torical record,” said Matt Calabria,
2004-05 student body president.
online | dailytarheel.com
THIS IS GARBAGE Environmentalists
oppose a landfill proposed in eastern N.C.
SAVE THE FARM Mason Farm seeks
neighborhood conservation district status
MULTIMEDIA Check online to find a
slideshow from Saturday's football game
opened at the planetarium.
In 2003 municipal elections drew more
than 30,000 voters during the early voting
However, only 329 people aged 18 to 22
“The students... don’t seem to care about
(the elections) but I think they definitely
should,” he said.
The organization is trying to drum up sup
port for the elections, planning events that
members hope will draw students into poli
The Young Democrats are hoping to hold
a discussion featuring John Edwards, former
vice presidential candidate. After the event
SEE EARLY VOTING, PAGE 7
He said the report is a good
opportunity for members of stu
dent government to step back and
assess their progress.
“The process of putting togeth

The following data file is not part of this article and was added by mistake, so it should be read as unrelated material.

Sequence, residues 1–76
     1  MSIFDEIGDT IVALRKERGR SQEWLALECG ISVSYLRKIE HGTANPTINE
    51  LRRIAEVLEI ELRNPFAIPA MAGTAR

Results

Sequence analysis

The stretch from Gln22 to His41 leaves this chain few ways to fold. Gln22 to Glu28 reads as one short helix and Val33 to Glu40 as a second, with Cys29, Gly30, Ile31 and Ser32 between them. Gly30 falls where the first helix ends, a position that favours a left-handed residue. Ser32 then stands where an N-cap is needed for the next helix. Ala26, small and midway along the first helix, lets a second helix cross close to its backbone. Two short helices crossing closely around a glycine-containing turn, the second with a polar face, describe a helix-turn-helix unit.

er the October Report makes you
think about what you have and
have not accomplished,” Calabria
“It really helps the student gov
ernment leaders gain perspective
on their activities so far,” he said.
Calabria said a student body
president at least should have
started to work on his main plat
form issues by the release of the
SEE REPORT, PAGE 7
City I page 2
IT'S YOUR FORUM
The Chapel Hill Downtown
Partnership gears up for a
forum at 5 p.m. today at the
Varsity Theatre to discuss the
Main Street approach.
voted that year.
“Students definitely are not as
involved as they could be,” said
Young Democrats Co-president
Water rates a point of contention
BY TED STRONG
In Hillsborough this year, high
quality H 2 O is more than just a